According to new Brown University research, a 54-km- (33.5-mile) diameter Noachian-aged crater with no inlet or outlet channels is distinct from previously documented crater basin lakes on the planet.
As the Mars 2020 Perseverance rover continues its journey across Mars, all eyes are on the Jezero crater. However, scientists at Brown University in the United States have discovered a previously unknown type of ancient crater lake on Mars, which could reveal information about the planet’s early climate.
According to their findings, the system was most likely fed by runoff from a long-lost Martian glacier. “Because the water flowed into the crater atop the glacier, it did not leave behind a valley as it would have if it had flowed directly on the ground. The water eventually emptied into the low-lying crater floor, leaving its geological mark on the bare Martian soil, according to the press release.
The newly-discovered ‘closed-source drainage basin’ crater is located in the southern highlands of Mars.
It has unusually well-preserved stream beds, ponds, and deposits that formed entirely within the crater. There is, however, no evidence of inlet channels where water could have entered the crater from the outside, nor of groundwater activity where it could have bubbled up from below.
“This is a previously unknown type of hydrological system on Mars,” said Ben Boatwright, a Ph.D. student in Brown University’s Department of Earth, Environmental, and Planetary Sciences. “The system was most likely fed by runoff from a long-lost Martian glacier,” according to the researchers.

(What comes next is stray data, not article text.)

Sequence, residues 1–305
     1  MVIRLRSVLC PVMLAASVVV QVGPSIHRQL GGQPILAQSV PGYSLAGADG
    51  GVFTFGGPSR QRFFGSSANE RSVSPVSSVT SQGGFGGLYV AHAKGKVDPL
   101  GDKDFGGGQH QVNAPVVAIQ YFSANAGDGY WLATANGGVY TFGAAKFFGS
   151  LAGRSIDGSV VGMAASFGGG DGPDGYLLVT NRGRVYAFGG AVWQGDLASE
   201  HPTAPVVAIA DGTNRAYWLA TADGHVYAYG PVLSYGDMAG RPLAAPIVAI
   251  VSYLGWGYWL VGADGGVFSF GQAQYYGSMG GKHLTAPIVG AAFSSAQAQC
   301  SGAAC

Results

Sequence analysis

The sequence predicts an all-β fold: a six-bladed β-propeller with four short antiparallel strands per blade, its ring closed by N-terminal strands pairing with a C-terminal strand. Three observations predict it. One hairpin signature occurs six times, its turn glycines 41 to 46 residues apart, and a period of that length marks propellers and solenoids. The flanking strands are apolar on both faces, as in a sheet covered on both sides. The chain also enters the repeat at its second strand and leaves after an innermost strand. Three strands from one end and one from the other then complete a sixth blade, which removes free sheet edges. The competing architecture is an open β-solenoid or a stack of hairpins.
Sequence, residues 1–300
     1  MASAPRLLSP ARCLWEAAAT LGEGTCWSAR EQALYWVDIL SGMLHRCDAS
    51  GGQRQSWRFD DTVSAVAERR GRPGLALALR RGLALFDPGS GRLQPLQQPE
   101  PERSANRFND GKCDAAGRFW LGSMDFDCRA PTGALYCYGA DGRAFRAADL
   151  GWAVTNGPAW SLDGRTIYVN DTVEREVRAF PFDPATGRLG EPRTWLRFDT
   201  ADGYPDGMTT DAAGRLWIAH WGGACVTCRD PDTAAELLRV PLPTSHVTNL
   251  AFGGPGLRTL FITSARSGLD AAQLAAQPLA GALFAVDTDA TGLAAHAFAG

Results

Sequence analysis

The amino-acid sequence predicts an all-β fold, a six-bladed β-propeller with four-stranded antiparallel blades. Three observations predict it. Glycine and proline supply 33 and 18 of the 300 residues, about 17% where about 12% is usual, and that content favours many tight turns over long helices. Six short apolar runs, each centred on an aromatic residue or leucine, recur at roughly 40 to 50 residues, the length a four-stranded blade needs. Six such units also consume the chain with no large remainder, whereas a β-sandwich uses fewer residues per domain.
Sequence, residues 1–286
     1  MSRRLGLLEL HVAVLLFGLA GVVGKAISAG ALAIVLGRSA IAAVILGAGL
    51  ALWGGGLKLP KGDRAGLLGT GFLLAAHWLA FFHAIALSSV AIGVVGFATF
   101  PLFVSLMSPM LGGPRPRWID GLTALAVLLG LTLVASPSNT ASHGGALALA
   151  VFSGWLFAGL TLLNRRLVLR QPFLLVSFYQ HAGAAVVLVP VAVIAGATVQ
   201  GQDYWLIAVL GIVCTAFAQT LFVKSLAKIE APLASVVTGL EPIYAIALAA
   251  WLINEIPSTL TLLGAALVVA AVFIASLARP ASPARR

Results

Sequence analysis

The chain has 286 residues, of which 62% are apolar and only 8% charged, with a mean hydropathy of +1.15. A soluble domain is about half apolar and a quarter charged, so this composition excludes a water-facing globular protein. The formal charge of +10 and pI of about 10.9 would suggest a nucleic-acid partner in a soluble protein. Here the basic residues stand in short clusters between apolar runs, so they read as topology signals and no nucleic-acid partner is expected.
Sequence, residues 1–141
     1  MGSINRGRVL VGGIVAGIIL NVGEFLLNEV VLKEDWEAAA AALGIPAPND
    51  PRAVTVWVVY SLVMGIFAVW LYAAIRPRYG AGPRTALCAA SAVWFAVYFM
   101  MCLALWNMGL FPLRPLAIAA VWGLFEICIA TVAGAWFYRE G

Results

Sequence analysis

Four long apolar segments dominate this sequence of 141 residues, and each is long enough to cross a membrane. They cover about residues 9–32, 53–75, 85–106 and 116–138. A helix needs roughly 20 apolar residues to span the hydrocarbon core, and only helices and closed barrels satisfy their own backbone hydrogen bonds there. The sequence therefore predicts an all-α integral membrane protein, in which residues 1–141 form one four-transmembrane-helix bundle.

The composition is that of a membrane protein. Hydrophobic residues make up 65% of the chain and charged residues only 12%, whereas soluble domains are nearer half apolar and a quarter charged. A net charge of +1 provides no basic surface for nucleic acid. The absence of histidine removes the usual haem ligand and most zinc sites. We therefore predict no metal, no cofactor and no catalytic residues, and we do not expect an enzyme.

“Water flowed into the crater atop the glacier, which meant it did not leave a valley behind as it would have if it had flowed directly on the ground.”
“Eventually, the water emptied into the low-lying crater floor, leaving its geological mark on the bare Martian soil.”
The type of lake described in this study is distinct from other Martian crater lakes, such as those at Gale and Jezero craters, which are currently being explored by NASA rovers Curiosity and Perseverance.
Using high-resolution images from NASA’s Mars Reconnaissance Orbiter, Boatwright and his colleague, Brown University’s Professor Jim Head, were able to map out the details of the crater’s lake system.
The images revealed a distinctive feature of ancient streambeds known as inverted fluvial channels. “However, in the absence of any evidence of an inlet channel through which water entered the crater, the question becomes ‘how did these get here?’” said Boatwright.
“This is a previously unknown type of hydrological system on Mars,” says Boatwright in the press release. “In the lake systems that we have studied thus far, we see evidence of drainage coming from outside the crater, breaching the crater wall, and in some cases flowing out the other side.” But that’s not what’s going on here,” he says. “Everything is happening inside the crater, which is very different from what has previously been described.”
Because the crater lacked telltale sapping channels that form in groundwater systems, the researchers ruled out groundwater activity. These channels are typically short, stubby, and devoid of tributaries, in contrast to the dense, branching networks of inverted channels observed in the crater.
A close examination of the crater wall revealed a distinct set of ridges facing upward toward the crater wall. The features are consistent with ridges formed when a glacier melts and leaves behind mounds of rocky debris.
“When all of the evidence is considered together,” the scientists concluded, “it points to a glacier-fed system.” They also discovered more than 40 additional craters with similar features. Professor Head stated, “These new findings could be critical in understanding the climate of early Mars.”
“We have these models that tell us that early Mars was cold and icy, and now we have some really compelling geological evidence to back it up.”
“Not only that, but this crater provides the criteria we need to begin looking for additional evidence to test this hypothesis, which is very exciting.” The findings were published in the journal Planetary Science.